- The wonderful work and vision of my friends and people in our community.
- Books & publications & podcasts
- Talking with my partner Sam! He’s always got an interesting perspective up his sleeve.
What key lessons have your learned about doing business or being a creative practitioner along the way? What have you learned from your ‘failures’?
- Find a vision that enlivens you
- Keep doing what you are uniquely doing
- Charge a proper fee for your work
Failures are of course all marvelous life lessons in disguise. I always think of Beckett’s words, ‘Ever tried. Ever failed. No matter. Try Again. Fail again. Fail better.’
Do you have a morning routine? Or other creative habits or rituals?
I can be counted on to use a steaming hot facecloth with essential oil to wake up myself up gently. I’d like to say I walk or do yoga every morning but it doesn’t happen that regularly. I do try and stretch and be mindful and gentle in the morning. In fact I can definitely say that I’m a believer in ‘gentle mornings’. This means taking it easy, not rushing, enjoying some good food and generally appreciating the morning that’s in it. If that also happens to involve a cup of tea in bed then even better!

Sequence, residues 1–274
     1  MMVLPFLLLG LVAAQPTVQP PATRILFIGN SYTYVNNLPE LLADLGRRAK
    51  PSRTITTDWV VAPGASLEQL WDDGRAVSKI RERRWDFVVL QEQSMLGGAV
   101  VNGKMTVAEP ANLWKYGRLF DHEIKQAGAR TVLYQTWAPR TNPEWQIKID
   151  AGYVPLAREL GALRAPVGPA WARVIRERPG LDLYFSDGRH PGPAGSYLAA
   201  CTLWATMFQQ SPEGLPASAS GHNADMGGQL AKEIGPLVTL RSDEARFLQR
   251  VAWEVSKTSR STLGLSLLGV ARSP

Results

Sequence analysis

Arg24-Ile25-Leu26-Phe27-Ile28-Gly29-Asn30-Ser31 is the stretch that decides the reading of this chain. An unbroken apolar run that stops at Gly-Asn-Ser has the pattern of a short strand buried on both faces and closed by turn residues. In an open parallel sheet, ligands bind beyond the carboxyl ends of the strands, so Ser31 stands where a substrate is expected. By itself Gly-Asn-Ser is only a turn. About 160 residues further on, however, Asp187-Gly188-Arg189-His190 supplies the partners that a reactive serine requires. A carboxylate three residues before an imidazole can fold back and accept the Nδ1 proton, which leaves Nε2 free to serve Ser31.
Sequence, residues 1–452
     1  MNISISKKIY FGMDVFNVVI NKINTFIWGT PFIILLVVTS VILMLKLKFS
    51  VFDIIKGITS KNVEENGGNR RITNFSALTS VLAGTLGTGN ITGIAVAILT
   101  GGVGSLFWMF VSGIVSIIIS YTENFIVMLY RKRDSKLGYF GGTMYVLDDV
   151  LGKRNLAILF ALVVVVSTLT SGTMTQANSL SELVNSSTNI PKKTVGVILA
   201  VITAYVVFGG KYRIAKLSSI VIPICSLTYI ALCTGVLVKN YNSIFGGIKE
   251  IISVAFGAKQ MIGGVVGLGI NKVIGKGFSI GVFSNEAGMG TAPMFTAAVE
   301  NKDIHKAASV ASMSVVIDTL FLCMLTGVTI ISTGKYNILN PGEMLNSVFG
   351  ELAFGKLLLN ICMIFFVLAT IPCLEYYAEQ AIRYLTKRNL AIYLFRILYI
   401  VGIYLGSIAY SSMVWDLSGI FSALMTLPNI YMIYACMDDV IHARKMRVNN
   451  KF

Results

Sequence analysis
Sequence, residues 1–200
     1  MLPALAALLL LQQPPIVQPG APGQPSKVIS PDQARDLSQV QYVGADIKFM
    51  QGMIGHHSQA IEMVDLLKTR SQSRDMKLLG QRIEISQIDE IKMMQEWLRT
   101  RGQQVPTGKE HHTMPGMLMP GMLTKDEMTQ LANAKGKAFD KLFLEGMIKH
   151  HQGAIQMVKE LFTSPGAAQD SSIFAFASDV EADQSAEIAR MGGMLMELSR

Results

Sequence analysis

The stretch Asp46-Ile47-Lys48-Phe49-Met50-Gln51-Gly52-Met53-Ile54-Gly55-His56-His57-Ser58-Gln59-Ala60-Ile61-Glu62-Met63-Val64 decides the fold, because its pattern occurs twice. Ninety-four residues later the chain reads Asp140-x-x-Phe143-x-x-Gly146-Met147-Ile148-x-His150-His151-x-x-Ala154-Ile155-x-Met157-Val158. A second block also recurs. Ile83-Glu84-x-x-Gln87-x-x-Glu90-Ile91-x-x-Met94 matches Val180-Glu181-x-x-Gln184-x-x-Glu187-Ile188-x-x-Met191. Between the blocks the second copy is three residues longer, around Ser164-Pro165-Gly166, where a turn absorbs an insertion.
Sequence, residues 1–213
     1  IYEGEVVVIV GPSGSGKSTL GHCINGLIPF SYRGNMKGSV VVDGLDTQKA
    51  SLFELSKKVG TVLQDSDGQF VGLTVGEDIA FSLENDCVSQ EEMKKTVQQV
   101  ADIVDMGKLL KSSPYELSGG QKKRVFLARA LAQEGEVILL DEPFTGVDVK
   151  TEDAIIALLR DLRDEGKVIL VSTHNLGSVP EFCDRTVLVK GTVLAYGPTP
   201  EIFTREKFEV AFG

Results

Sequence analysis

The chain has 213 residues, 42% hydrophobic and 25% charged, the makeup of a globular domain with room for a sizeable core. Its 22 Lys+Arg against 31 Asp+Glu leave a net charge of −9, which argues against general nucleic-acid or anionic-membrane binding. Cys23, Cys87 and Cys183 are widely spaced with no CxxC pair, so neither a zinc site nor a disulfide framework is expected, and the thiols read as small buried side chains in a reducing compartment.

As for other rituals: I keep an online day planner- it includes priorities/focus for the week ahead, daily tasks and deadlines and also a ‘long finger’ list that I tackle when I get a quiet day, things can stay on this list for a long time but having them written down and organised in priority really helps me not to get overwhelmed by having ‘a million things to do’. I really enjoy being able to say to myself- ‘there’s going to be time for that.’
It is hard to really pinpoint a particular creative habit. I know I work best at night when everyone has gone to bed. I know I sometimes have to go on an aimless cycle or walk to let a creative solution or idea to spring up. Sometimes you can try and try and try sitting at a studio desk, and then the creative vision comes as you’re watching the ducks!
What books have inspired you? Or what websites do you turn to?